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Archive for the ‘Snacks’ Category

Well, here I go again, promising to update this site more regularly and then waiting more than a week to add a new post.  Sigh.  Baby steps, right?

But you should be excited about today’s recipe because it’s easy, healthy and so, so good.  It’s become my favorite granola recipe, and I try to bake a batch every few weeks.  The recipe began as the “Quick Omega-3 Granola” I ripped from a Bon Appetit magazine a year or two ago, but over the years I’ve tweaked it here and there, and now I think it’s even better than the original.

I love granola sprinkled on yogurt or eaten right out of my hand, but my #1 favorite way to eat this granola is sprinkled on vanilla ice cream.  I know, I know — that sort of defeats the purpose, right?  Well, the way I see it, I’m just making dessert a little healthier.  Because I’m eating dessert, healthy or not, so it might as well have a little fiber, right?  Right.

I like to make a big batch and keep a small tin in the cupboard and the rest in a large Ziploc bag in the freezer, which prevents the nuts from going rancid and — horror of horrors — the granola from getting soggy.  Every time I reach the bottom of the tin, I refill it with a little more from the freezer.  Works like a charm.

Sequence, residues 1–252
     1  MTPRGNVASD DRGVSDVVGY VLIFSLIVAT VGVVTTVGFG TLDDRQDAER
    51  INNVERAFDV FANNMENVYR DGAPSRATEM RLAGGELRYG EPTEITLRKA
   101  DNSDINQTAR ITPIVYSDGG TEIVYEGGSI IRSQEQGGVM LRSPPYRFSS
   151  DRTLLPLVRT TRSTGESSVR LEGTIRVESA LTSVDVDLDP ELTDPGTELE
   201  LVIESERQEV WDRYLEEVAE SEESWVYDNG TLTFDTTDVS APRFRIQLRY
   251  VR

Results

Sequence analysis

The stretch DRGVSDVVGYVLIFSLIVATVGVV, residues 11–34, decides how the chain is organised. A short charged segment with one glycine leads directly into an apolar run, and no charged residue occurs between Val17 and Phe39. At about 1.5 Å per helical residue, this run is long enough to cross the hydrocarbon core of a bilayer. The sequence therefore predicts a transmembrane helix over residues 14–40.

Homemade granola also makes a great host/hostess gift when you’re tired of bringing wine or feel like bringing something a little different.  It’s the kind of thing your hosts will tuck away for later, only to email you as soon as you get home to say they’ve already eaten half the bag.  With granola this delicious, who could blame them?

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A Small Smackerel

Many years ago, when I first started collecting recipes, I allowed my obsessive compulsive tendencies to run wild and began to organize the recipes by type: entrees in one folder, desserts, vegetables,  and appetizers their own folders.  As the collection grew, I began to divide the recipes into subsets of those categories, separating the chicken recipes from the fish recipes in the entree folder, and clumping together the cakes, pies, cookies and so on in the dessert folder.  What can I say — I like to create order in a world driven by chaos.

But then my collection grew.  And grew.  And grew.  And before I knew it, dividing desserts among cakes, pies, cookies and custards didn’t really do the job.  “Cake,” for example, could describe any number of recipes — layer cake, cheesecake, coffee cake, fruit cake.  Imagine having to sift through a disorganized pile of all of the above.  Perish the thought!  So I started grouping those recipes together as well.

(If you’re wondering, no I don’t group my underwear by color.  I’m not *that* crazy…or at least I’d like to think I’m not…)